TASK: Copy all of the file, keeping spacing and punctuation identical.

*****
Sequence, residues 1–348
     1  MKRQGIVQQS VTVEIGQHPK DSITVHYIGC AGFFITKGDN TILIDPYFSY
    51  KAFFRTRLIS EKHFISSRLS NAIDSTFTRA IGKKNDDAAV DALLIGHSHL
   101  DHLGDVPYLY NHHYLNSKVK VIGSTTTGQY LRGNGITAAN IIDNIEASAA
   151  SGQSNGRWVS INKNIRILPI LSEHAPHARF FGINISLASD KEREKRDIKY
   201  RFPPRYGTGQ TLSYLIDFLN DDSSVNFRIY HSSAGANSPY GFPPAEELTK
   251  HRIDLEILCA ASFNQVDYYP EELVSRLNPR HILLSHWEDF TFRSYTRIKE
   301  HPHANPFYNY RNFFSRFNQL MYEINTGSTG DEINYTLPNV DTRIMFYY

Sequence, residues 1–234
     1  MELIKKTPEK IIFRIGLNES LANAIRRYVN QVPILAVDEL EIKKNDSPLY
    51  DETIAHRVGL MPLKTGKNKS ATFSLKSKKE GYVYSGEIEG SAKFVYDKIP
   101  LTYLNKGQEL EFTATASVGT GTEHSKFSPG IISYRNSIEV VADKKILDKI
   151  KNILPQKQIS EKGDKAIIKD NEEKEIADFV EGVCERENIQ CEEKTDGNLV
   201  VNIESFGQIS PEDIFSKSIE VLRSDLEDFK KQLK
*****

Sequence, residues 1–348
     1  MKRQGIVQQS VTVEIGQHPK DSITVHYIGC AGFFITKGDN TILIDPYFSY
    51  KAFFRTRLIS EKHFISSRLS NAIDSTFTRA IGKKNDDAAV DALLIGHSHL
   101  DHLGDVPYLY NHHYLNSKVK VIGSTTTGQY LRGNGITAAN IIDNIEASAA
   151  SGQSNGRWVS INKNIRILPI LSEHAPHARF FGINISLASD KEREKRDIKY
   201  RFPPRYGTGQ TLSYLIDFLN DDSSVNFRIY HSSAGANSPY GFPPAEELTK
   251  HRIDLEILCA ASFNQVDYYP EELVSRLNPR HILLSHWEDF TFRSYTRIKE
   301  HPHANPFYNY RNFFSRFNQL MYEINTGSTG DEINYTLPNV DTRIMFYY

Sequence, residues 1–234
     1  MELIKKTPEK IIFRIGLNES LANAIRRYVN QVPILAVDEL EIKKNDSPLY
    51  DETIAHRVGL MPLKTGKNKS ATFSLKSKKE GYVYSGEIEG SAKFVYDKIP
   101  LTYLNKGQEL EFTATASVGT GTEHSKFSPG IISYRNSIEV VADKKILDKI
   151  KNILPQKQIS EKGDKAIIKD NEEKEIADFV EGVCERENIQ CEEKTDGNLV
   201  VNIESFGQIS PEDIFSKSIE VLRSDLEDFK KQLK